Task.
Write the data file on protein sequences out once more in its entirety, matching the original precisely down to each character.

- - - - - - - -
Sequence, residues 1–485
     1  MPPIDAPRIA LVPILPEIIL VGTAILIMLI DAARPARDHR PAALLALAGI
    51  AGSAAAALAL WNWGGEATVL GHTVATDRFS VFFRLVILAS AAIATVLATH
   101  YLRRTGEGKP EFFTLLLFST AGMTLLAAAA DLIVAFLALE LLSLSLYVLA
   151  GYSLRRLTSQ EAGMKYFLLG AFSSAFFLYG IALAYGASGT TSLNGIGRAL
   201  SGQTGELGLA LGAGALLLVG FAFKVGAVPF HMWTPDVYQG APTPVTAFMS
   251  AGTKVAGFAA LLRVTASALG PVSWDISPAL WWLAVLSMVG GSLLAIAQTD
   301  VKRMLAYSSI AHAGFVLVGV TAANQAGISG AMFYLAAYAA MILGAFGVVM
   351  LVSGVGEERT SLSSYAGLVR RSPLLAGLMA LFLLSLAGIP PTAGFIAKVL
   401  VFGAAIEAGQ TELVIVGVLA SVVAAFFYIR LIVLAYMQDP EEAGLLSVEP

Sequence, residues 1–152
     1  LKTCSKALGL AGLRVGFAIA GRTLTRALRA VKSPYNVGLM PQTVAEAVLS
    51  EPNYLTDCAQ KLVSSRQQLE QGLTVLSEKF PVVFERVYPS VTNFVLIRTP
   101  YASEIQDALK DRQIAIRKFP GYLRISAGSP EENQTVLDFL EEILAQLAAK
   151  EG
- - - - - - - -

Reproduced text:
Sequence, residues 1–485
     1  MPPIDAPRIA LVPILPEIIL VGTAILIMLI DAARPARDHR PAALLALAGI
    51  AGSAAAALAL WNWGGEATVL GHTVATDRFS VFFRLVILAS AAIATVLATH
   101  YLRRTGEGKP EFFTLLLFST AGMTLLAAAA DLIVAFLALE LLSLSLYVLA
   151  GYSLRRLTSQ EAGMKYFLLG AFSSAFFLYG IALAYGASGT TSLNGIGRAL
   201  SGQTGELGLA LGAGALLLVG FAFKVGAVPF HMWTPDVYQG APTPVTAFMS
   251  AGTKVAGFAA LLRVTASALG PVSWDISPAL WWLAVLSMVG GSLLAIAQTD
   301  VKRMLAYSSI AHAGFVLVGV TAANQAGISG AMFYLAAYAA MILGAFGVVM
   351  LVSGVGEERT SLSSYAGLVR RSPLLAGLMA LFLLSLAGIP PTAGFIAKVL
   401  VFGAAIEAGQ TELVIVGVLA SVVAAFFYIR LIVLAYMQDP EEAGLLSVEP

Sequence, residues 1–152
     1  LKTCSKALGL AGLRVGFAIA GRTLTRALRA VKSPYNVGLM PQTVAEAVLS
    51  EPNYLTDCAQ KLVSSRQQLE QGLTVLSEKF PVVFERVYPS VTNFVLIRTP
   101  YASEIQDALK DRQIAIRKFP GYLRISAGSP EENQTVLDFL EEILAQLAAK
   151  EG